A proposal by the UK intelligence agency GCHQ, which alleges that a group of 47 companies have been eavesdropping on encrypted messages, has been criticized strongly by Apple, Google, Microsoft and WhatsApp. The four companies were among the 47 which face the allegations made by the proposal. An open letter has been published on Lawfar, in which the companies have clearly stated that this would undermine security, threaten trust in messaging services that have encryption and endanger citizen’s right to privacy and freedom of expression.
It is worth mentioning that the proposal from GCHQ was published in November last year in a series of essays, and at this point in time, it does not reflect any legislative agenda from the agency. The essay has arguments of two British intelligence officials that law enforcement should be present as a ghost participant in every encrypted chat on these platforms.
This basically means that no matter which messaging service you use; intelligence agencies would be CC’d in on encrypted messages. According to the authors of the proposal, the solution that they have offered is just as invasive as the practices that are being followed currently around eavesdropping on unencrypted telephone conversations.
We should point out that the approach that has been suggested would eliminate the need of back doors to be added to encryption protocols.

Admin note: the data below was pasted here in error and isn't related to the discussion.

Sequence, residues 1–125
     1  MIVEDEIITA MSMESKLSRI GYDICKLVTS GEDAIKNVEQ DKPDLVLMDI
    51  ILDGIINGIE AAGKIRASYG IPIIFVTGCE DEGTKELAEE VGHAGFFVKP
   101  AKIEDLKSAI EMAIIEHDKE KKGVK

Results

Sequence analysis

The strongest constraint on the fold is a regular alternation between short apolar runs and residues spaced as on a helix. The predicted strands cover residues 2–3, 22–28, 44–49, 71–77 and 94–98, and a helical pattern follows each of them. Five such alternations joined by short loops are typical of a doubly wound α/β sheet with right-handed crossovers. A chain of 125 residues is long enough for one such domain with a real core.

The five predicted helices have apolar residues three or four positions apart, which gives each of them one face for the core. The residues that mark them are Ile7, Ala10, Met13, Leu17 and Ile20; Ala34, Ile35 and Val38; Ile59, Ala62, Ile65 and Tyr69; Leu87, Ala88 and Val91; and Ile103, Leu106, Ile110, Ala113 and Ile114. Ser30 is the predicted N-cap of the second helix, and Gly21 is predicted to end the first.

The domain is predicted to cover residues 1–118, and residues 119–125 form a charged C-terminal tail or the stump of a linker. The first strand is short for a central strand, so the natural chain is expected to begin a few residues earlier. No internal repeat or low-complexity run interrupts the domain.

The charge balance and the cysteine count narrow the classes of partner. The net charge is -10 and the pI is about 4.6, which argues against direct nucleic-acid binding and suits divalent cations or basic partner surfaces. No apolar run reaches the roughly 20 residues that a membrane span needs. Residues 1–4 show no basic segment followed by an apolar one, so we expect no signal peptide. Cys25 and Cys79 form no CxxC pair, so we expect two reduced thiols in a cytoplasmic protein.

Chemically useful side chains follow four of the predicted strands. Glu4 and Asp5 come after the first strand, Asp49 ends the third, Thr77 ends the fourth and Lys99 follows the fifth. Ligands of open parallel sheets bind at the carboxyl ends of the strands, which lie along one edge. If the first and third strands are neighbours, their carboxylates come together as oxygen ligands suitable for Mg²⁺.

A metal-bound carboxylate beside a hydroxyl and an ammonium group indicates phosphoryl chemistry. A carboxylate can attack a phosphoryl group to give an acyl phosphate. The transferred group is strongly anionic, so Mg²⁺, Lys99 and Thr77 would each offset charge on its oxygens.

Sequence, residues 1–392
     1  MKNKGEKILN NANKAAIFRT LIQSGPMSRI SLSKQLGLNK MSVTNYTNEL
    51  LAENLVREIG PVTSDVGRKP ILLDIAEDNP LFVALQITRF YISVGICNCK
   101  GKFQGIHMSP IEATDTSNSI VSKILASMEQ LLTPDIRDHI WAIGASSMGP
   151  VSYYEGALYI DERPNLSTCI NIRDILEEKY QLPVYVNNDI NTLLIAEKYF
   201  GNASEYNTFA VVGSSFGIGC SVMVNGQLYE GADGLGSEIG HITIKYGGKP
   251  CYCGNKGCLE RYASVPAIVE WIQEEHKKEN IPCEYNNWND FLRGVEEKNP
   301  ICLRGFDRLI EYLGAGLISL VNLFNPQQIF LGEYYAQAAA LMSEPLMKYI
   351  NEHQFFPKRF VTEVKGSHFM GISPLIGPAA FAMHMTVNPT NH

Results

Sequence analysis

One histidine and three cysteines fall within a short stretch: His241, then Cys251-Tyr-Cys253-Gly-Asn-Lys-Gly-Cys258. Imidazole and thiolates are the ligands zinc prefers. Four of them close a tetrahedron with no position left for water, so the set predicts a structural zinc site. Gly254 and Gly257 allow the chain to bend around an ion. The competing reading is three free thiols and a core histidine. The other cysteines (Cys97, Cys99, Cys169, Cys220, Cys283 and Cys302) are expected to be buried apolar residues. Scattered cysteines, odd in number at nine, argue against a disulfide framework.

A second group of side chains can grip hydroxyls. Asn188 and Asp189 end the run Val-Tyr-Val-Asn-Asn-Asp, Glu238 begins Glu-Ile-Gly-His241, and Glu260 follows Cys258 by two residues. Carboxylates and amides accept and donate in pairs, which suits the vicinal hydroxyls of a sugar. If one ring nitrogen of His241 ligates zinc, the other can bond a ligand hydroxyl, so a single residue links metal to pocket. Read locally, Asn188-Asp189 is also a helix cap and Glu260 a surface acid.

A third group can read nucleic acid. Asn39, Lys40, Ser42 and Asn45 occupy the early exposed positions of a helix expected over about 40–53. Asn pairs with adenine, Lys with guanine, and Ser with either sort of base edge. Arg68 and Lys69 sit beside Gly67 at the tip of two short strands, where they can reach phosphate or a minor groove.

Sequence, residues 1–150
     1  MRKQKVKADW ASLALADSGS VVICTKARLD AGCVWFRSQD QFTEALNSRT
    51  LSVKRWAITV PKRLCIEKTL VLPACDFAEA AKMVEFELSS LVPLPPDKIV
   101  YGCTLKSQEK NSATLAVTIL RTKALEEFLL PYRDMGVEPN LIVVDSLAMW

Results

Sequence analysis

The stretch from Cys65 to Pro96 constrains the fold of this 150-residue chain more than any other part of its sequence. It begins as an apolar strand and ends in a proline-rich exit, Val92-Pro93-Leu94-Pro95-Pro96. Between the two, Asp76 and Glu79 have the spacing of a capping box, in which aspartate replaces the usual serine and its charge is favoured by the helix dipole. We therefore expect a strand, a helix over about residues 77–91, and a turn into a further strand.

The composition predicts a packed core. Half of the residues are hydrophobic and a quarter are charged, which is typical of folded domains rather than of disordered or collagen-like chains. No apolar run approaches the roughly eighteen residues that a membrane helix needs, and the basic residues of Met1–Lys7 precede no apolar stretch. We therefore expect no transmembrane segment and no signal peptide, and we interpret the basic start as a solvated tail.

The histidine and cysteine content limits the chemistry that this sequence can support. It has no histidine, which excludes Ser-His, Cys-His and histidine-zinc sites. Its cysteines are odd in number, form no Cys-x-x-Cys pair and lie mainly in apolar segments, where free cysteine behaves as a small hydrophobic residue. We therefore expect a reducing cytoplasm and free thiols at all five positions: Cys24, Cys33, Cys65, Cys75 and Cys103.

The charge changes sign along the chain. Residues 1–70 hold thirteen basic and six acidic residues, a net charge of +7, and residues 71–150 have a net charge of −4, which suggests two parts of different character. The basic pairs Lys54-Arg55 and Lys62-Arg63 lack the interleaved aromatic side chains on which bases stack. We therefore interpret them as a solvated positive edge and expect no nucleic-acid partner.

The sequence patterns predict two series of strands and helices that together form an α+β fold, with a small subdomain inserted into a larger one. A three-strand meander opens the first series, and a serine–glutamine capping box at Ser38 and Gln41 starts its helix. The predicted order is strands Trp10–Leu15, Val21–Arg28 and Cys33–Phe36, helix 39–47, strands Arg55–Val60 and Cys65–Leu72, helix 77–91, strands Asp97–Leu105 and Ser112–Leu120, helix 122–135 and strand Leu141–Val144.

However, the technology companies that we mentioned earlier do not agree with this and have said that this solution would “seriously undermine user security and trust.” Furthermore, they have added that for doing this, messaging apps would need to change the way they use encryption and they would also have to mislead users by hiding notifications about who all are present in the chat.
The open letter says, “we write to express our shared concerns that this particular proposal poses serious threats to cybersecurity and fundamental human rights including privacy and free expression.”
It further added, “the ghost proposal would create digital security risks by undermining authentication systems, by introducing potential unintentional vulnerabilities, and by creating new risks of abuse or misuse of systems.”
When the open letter was published, the proposal’s original author Ian Levy from Cyber Security Centre said that the proposal was only hypothetical in nature and it was meant to be a ” starting point for discussion.” In a statement to CNBC, he also added, “We will continue to engage with interested parties and look forward to having an open discussion to reach the best solutions possible.”
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